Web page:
INDIA- The Food Safety and Standards Authority of India (FSSAI) has developed a comprehensive group standard for millets to be enforced from September 1, provided under the Food Safety and Standards, Second Amendment Regulations, 2023. 

There are currently individual standards for only a few millets like sorghum (jowar), whole and decorticated pearl millet grain (bajra), finger millet (ragi), and amaranth prescribed in the Food Safety and Standards (Food Product Standards and Food Additives) Regulations, 2011.

The FSSAI has now framed a comprehensive group standard for 15 types of millets to ensure the availability of good quality millets in domestic and global markets.

The comprehensive group standard specifies eight quality parameters, including moisture content, uric acid content, extraneous matter, other edible grains, defects, weevilled grains, and immature and shriveled grains. 

Moisture content should not exceed 13% by mass, uric acid should be below 100mg/kg, and immature and shriveled grains should not exceed 5% by mass. 

The FSSAI also set a 2% limit to other edible grains that may be present in millet. 

India held the Global Millets (Shree Anna) Conference in celebration of 2023’s declaration as the International Year of Millets (IYM) on 18th March, after consistent efforts by India to have the United Nations make this declaration. 

The declaration of 2023 as the International Year of Millets will promote investment in R&D and inspire stakeholders toward improving production, productivity, and millet quality.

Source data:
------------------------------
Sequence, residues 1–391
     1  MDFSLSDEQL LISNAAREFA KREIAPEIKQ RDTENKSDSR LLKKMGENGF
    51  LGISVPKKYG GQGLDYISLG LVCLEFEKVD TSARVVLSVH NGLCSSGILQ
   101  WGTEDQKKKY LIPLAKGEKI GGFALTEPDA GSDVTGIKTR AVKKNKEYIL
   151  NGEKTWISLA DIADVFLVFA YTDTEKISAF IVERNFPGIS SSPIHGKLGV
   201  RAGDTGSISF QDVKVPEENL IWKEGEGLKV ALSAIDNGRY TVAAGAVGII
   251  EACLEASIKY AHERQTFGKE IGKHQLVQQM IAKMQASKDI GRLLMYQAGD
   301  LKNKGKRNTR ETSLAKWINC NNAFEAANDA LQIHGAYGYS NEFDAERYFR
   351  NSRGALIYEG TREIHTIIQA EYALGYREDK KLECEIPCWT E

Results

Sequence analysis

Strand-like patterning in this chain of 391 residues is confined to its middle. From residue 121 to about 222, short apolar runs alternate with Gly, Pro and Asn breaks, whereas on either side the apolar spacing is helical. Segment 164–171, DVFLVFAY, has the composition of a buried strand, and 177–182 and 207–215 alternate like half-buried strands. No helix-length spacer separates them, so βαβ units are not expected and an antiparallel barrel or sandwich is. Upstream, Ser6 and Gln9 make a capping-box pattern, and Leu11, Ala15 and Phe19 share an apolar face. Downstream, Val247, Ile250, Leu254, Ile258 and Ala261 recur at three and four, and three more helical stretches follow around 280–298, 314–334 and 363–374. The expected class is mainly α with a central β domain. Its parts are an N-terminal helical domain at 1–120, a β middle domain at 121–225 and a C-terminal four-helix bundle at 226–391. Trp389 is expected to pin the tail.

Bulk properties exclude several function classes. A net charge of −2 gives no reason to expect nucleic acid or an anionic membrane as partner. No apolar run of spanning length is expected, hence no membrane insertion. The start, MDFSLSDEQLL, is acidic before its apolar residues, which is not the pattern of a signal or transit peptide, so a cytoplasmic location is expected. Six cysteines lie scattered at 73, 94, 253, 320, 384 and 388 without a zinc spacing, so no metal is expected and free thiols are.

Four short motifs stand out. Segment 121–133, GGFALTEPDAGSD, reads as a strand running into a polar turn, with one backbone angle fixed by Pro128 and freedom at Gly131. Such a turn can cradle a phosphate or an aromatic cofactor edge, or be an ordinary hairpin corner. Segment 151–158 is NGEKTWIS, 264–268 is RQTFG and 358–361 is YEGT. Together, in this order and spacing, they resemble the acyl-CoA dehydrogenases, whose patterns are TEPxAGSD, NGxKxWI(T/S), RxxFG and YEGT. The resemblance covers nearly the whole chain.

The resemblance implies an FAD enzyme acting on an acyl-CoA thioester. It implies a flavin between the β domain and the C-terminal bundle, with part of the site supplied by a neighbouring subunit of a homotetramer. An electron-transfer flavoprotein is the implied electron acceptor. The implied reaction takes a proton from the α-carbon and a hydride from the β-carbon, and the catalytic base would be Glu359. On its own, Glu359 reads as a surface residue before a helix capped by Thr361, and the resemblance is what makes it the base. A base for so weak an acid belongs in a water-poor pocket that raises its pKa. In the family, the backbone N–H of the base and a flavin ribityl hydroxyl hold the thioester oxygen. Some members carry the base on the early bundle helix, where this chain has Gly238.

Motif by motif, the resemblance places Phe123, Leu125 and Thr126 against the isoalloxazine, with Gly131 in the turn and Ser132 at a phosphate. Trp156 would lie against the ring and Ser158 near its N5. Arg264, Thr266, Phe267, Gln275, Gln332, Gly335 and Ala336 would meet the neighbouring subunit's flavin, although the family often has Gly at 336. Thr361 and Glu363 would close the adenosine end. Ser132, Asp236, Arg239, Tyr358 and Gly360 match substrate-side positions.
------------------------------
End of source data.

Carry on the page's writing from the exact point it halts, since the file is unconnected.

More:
In India, millet cultivation dropped from around 40% to 20% of all cultivated grains after the Green Revolution in the 1960s popularized wheat and rice. 

The Indian government intends to increase millet consumption in the country and beyond, contributing to food security as millet is drought resistant. 

Millets are also gluten-free, low in glycemic index, rich in diary fiber and micronutrients such as calcium, iron, and phosphorus- these should be an integral part of our daily diet,” Kamala Vardhana Rao, CEO of FSSAI, said. 

As millet production will likely boom in the year, the FSSAI recognizes the need for more comprehensive safety and quality standards. 

India could keep wheat export ban

Meanwhile, a Global Agricultural Information Network report from the Foreign Agricultural Service of the US Department of Agriculture (USDA) holds that India is unlikely to relax its wheat export ban. 

The USDA projects wheat production in India, the second largest producer, to increase to 108 million tonnes, up from the estimated 100 million in 2022-23.

Despite this forecast increase in the 2023-24 marketing year, the Indian government could keep its wheat export ban, at least through the peak harvest/marketing period. 

Policymakers are fretting over reports predicting a strengthening of the El Niño later in 2023, potentially impacting Indian agricultural production and food supplies,” the USDA report said.

Additionally, the government is keen on ensuring sufficient wheat supplies in the country as state and national elections approach. 

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